Spectators at next month's Dubai Rugby Sevens will be treated to an experience which has become disconcertingly rare on an international playing field: the sight of a Giteau in full flow for Australia.
Unfortunately for those who believe the multi-talented Matt has been cut off in his prime, it is older sister, Kristy, rather than he, who will be gracing the fields at The Sevens.
The burden of such a famous family name weigh heavy, for a player representing the world champion Australians in the inaugural IRB womens tournament in Dubai, but she has broad shoulders.
"She is tough, but you have to be with three brothers," Giteau, 29, says. "We didn't treat her any differently - if anything we were a bit rougher on her."
Giteau was a star of the sevens game himself, before embarking on an international XVs career which climbed great heights, before reaching what appears to have been such an unsatisfactory terminus this year.
He has not given up on adding to the 92 caps he has won for the Wallabies, though he acknowledges a return is unlikely.
He is on his way to play for Toulon in France, making him ineligible for the Wallabies because he is no longer contracted to an Australian province.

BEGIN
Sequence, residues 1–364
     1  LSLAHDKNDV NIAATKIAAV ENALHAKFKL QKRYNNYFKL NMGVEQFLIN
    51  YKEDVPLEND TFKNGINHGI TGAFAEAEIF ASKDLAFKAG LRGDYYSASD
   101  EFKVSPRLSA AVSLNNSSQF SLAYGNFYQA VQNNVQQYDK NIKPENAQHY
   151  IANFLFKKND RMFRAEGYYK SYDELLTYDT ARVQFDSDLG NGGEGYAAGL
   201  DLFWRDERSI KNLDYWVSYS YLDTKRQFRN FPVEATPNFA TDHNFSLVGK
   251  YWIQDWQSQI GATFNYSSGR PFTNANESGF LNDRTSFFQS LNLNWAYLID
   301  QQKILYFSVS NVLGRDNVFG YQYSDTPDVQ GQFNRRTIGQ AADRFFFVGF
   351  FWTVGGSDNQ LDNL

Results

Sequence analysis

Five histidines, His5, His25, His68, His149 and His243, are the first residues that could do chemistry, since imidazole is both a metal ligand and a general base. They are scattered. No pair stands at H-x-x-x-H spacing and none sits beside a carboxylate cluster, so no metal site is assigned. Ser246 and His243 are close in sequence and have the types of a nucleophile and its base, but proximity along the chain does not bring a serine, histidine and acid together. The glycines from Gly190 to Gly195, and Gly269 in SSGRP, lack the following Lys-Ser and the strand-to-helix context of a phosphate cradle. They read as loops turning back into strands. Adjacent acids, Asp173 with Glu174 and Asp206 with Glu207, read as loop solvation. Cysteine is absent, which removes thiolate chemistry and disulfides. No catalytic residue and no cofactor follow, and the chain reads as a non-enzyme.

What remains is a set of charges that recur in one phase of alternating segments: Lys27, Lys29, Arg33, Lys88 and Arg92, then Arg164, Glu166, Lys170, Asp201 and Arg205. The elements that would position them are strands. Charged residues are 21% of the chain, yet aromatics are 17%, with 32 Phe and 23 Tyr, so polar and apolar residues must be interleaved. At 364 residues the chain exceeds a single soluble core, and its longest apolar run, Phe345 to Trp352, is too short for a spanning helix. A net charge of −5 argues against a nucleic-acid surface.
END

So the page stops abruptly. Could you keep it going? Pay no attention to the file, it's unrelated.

However, he has had it written into his contract with the French club that he can be released for international duty if the rules on overseas-based players are relaxed.
But that is only part of the problem. "You obviously have to be selected as well, and that seems to be a bit of a challenge as well at the moment," he says.
Robbie Deans, the Wallabies coach, had enough chances to recall the France-bound centre during the World Cup. None was forthcoming.
Australia were hit by a succession of injuries during the competition. However, when the calls went out for new recruits, none was made to Giteau - even though he was already working in New Zealand as a media pundit by the time the quarter-finals came around.
"Initially, I didn't even want to watch it," Giteau says. "I'd say, OK, I'm not going to watch it this week, then you end up watching it because you have mates involved.
"You are still really interested. By the time it got to the quarter-finals, I had gone to New Zealand, was doing some commentary work and started enjoying rugby for what it was: a game."